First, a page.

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Competition Among University Endowments

  • William N. Goetzmann
  • Sharon Oster

The asset allocation of university endowments has recently shifted dramatically towards alternative investments. In this paper we examine the role played by strategic competition in motivating this shift. Using a metric capturing competition for undergraduate applications, we test whether endowment performance relative to a school's nearest competitor is associated with the likelihood of changing investment policy, and conditionally, whether the nature of that change is consistent with the goal of "catching up" to its closest rival. Conditional on indicating a policy change, we find that endowments appear to use marketable alternatives - i.e. hedge funds - to catch up to competitors. More generally, we find evidence that endowments with below median holdings of alternative investments tend to shift policies in that direction. Besides herding behavior we also find trend-chasing behavior. Endowments with recent positive experience with various alternative asset classes tend to increase exposure to them. We consider the long-run implications of this competitive and trending behavior for the ability of endowments to deliver intergenerational equity.

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Paper provided by National Bureau of Economic Research, Inc in its series NBER Working Papers with number 18173.

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Date of creation: Jun 2012
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Publication status: published as Competition Among University Endowments , William N. Goetzmann, Sharon Oster. in How the Financial Crisis and Great Recession Affected Higher Education , Brown and Hoxby. 2015
Handle: RePEc:nbr:nberwo:18173
Note: AP
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  1. William N. Goetzmann & Stephen J. Brown, 2005. "Performance Persistence," Yale School of Management Working Papers ysm451, Yale School of Management.
  2. Dennis Epple & Elizabeth Newlon & Richard Romano, 2000. "Ability Tracking, School Competition, and the Distribution of Educational Benefits," NBER Working Papers 7854, National Bureau of Economic Research, Inc.
  3. Josh Lerner & Antoinette Schoar & Jialan Wang, 2008. "Secrets of the Academy: The Drivers of University Endowment Success," Journal of Economic Perspectives, American Economic Association, vol. 22(3), pages 207-22, Summer.
  4. Mary A. Burke & Tim R. Sass, 2006. "Classroom Peer Effects and Student Achievement," Working Papers wp2006_02_02, Department of Economics, Florida State University.
  5. Gurdip S. Bakshi & Zhiwu Chen, 1996. "The Spirit of Capitalism and Stock-Market Prices," CEMA Working Papers 511, China Economics and Management Academy, Central University of Finance and Economics.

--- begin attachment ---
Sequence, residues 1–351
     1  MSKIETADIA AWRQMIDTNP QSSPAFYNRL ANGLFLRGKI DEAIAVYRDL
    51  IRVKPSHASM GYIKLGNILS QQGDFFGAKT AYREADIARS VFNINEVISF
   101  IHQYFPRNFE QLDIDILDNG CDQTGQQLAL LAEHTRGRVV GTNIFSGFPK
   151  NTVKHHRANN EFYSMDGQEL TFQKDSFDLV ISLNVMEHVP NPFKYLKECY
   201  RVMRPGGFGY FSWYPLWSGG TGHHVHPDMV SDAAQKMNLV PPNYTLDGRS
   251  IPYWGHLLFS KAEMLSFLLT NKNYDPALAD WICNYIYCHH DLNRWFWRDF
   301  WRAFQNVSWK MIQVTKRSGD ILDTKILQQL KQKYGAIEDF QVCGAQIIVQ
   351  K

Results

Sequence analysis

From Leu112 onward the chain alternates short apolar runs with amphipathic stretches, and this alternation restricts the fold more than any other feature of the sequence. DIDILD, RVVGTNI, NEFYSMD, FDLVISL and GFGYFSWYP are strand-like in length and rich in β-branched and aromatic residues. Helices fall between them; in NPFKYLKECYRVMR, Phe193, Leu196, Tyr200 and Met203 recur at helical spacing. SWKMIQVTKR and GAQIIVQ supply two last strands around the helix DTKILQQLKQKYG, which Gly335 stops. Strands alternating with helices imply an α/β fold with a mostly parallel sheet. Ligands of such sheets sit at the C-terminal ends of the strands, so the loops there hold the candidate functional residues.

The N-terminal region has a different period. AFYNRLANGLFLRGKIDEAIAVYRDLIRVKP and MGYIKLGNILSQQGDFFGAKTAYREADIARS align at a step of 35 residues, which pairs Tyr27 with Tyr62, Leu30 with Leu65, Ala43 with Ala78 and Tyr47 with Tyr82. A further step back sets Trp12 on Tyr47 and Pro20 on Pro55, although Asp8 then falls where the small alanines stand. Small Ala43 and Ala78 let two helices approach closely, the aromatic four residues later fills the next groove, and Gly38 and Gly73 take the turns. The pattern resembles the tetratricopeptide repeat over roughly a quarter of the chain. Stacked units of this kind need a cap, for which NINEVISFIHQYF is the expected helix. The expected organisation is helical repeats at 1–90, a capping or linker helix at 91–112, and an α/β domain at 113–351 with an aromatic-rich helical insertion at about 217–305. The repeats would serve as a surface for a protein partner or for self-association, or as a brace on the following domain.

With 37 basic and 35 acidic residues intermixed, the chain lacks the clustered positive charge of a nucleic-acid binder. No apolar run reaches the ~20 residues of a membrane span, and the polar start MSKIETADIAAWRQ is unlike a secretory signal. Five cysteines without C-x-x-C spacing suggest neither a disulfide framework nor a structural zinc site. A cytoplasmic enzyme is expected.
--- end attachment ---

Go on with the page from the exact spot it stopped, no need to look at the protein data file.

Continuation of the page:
6. Dennis Epple & Richard Romano & Holger Sieg, . "Admission, Tuition, and Financial Aid Policies in the Market for Higher Education," GSIA Working Papers 2003-04, Carnegie Mellon University, Tepper School of Business.
  7. Christopher N. Avery & Mark E. Glickman & Caroline M. Hoxby & Andrew Metrick, 2013. "A Revealed Preference Ranking of U.S. Colleges and Universities," The Quarterly Journal of Economics, Oxford University Press, vol. 128(1), pages 425-467.
  8. Chevalier, Judith & Ellison, Glenn, 1997. "Risk Taking by Mutual Funds as a Response to Incentives," Journal of Political Economy, University of Chicago Press, vol. 105(6), pages 1167-1200, December.
  9. Erik R. Sirri & Peter Tufano, 1998. "Costly Search and Mutual Fund Flows," Journal of Finance, American Finance Association, vol. 53(5), pages 1589-1622, October.
  10. Hansmann, Henry, 1990. "Why Do Universities Have Endowments?," The Journal of Legal Studies, University of Chicago Press, vol. 19(1), pages 3-42, January.
  11. Litvack, James M & Malkiel, Burton G & Quandt, Richard E, 1974. "A Plan for the Definition of Endowment Income," American Economic Review, American Economic Association, vol. 64(2), pages 433-37, May.
  12. Ren´┐Ż M. Stulz, 2007. "Hedge Funds: Past, Present, and Future," Journal of Economic Perspectives, American Economic Association, vol. 21(2), pages 175-194, Spring.
  13. Brown, Stephen J & Goetzmann, William N & Ibbotson, Roger G, 1999. "Offshore Hedge Funds: Survival and Performance, 1989-95," The Journal of Business, University of Chicago Press, vol. 72(1), pages 91-117, January.
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